Adopting this approach would involve starting as we normally do by having the BA define the use case without any mention of UI specific requirements, just to capture the objective of the user in the use case and any key steps and alternate flows (or exception flows, depending on which terminology you use). Then the UI/UX team would start to attach UI Mockups to each of the steps in the Use Case to start to bring to life the UI/UX design.

Since the “Use Case Storyboard” is expressed in terms of a main flow and alternate it has the additional benefit of reducing the number of traditional storyboards, which are linear and don’t include alternate flows. For example if we took the sample “use case storyboard” above and represented it as two separate linear storyboards, the first and last steps and their UI mockups would be duplicated, leading to requirements maintenance and rework costs.

So to summarize, the “use case storyboard” reduces rework by helping you communicate requirements more clearly. In addition this approach also reduces requirements translation errors typically caused by hand-offs between deliverables and teams.

 

Generate Your Test Cases Automatically from Use Case Storyboards.

 

Instead of having your QA team manually create test cases, why not Generating test cases directly from your “Use Case Storyboards”. This has the following major benefits.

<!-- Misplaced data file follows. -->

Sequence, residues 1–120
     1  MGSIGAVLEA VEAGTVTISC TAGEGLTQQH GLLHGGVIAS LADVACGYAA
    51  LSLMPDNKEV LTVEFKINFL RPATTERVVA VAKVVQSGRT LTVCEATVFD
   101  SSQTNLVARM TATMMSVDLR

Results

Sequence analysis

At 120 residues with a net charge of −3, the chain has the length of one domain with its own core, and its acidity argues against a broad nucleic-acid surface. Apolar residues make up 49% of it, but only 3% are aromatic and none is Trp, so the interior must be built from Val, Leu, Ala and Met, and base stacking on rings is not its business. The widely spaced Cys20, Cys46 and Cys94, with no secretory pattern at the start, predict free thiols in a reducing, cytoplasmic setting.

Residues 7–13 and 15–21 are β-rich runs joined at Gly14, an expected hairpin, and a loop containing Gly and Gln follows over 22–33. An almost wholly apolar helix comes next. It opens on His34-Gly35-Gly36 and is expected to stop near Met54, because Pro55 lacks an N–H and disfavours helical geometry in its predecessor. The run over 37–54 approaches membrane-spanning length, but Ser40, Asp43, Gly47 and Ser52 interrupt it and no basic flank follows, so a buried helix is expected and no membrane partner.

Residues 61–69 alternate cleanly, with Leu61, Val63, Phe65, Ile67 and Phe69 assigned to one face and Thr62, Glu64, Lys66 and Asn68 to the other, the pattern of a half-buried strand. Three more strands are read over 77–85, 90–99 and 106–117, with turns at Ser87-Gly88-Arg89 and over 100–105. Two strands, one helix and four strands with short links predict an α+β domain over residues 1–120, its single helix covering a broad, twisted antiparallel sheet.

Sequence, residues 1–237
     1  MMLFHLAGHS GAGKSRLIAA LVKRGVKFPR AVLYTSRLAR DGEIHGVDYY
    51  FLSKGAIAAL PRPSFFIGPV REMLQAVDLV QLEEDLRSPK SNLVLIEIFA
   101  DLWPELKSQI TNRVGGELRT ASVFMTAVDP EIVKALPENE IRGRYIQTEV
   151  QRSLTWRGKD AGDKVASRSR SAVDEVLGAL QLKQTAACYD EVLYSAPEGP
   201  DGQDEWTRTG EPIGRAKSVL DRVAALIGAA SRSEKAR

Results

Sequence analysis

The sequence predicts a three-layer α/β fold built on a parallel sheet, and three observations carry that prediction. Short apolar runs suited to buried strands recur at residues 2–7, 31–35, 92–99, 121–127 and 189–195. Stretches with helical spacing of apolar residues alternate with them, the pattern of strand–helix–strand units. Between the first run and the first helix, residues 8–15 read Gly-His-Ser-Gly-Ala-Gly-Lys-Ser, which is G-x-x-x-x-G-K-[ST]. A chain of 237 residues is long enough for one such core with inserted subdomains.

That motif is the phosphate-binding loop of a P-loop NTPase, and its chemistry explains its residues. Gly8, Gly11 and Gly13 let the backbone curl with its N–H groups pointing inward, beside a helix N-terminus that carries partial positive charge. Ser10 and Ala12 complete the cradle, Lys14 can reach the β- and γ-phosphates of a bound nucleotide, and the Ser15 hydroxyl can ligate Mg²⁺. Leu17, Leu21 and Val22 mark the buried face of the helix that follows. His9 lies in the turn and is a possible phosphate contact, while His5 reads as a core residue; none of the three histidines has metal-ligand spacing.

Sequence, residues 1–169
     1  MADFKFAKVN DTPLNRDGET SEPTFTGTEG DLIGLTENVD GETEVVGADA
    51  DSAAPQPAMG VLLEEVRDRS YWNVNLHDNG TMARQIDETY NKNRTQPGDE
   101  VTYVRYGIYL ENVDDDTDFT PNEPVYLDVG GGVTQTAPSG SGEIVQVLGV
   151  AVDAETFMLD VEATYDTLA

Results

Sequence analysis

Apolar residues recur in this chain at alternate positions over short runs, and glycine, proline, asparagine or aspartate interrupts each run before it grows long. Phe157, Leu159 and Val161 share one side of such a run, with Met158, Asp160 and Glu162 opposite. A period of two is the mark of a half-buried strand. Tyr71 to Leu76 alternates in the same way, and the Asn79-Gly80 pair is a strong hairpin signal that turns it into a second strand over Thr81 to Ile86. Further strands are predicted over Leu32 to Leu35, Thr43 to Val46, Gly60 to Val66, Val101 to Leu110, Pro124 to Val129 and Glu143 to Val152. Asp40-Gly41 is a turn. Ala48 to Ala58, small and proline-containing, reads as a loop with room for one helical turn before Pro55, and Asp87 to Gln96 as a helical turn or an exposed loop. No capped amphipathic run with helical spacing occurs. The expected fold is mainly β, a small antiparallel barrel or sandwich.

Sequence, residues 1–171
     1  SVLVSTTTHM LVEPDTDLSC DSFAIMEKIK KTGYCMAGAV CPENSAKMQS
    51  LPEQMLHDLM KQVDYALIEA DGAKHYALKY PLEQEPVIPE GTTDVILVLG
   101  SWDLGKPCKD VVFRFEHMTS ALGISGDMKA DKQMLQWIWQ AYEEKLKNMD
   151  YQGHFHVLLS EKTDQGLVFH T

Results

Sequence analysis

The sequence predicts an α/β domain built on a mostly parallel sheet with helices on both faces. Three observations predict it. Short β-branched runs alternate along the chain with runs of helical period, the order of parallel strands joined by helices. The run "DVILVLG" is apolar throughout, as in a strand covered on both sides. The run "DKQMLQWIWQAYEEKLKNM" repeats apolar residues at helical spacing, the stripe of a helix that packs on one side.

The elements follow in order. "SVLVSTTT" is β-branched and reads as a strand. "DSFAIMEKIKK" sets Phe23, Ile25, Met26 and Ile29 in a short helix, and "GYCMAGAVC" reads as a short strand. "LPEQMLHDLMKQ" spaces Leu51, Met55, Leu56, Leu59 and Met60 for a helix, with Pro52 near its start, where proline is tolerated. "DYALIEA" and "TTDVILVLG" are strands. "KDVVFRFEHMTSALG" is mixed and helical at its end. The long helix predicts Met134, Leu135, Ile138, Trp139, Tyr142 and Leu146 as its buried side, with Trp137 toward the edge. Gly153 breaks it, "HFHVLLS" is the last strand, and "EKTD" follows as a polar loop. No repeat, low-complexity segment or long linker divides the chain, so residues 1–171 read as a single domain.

• Dramatically reduce the time it takes to create your functional test case set.
  • Your test cases are 100% consistent with your requirements
  • You have complete functional test case coverage
  • As requirements change, you can update your test case set quickly

For example if we were to take the “Use Case Storyboard” outlined above, it would generate the following two test cases, including the UI Mockups.

Test Cases are typically written in a format of a “user action” followed by an “expected” result. If you spend a little more time up front when creating “Use Case Storyboards”, defining which steps are “user actions” and which steps are “expected results” this can used in the test case generation engine to determine which steps should be assembled into test cases as “user actions” or “expected results”.

 

Summary

 

As an industry we are always evolving how we do things. In this article I present an approach that helps reduce project costs and increase the likelihood that you will develop what your customers need. I talked about how to get your collective team involved earlier in the requirements definition process which is not really a new idea, but certainly a valuable one. However I do present the concept of a “Use Case Storyboard” that combines Use Cases, UI Mockups and UI Storyboards, into one integrated deliverable that promotes collaboration and also makes it easier to communicate requirements to your customer, developers and testers. Lastly I talked about the idea of generating your functional test cases directly from these “Use Case Storyboards” which generates some significant project savings.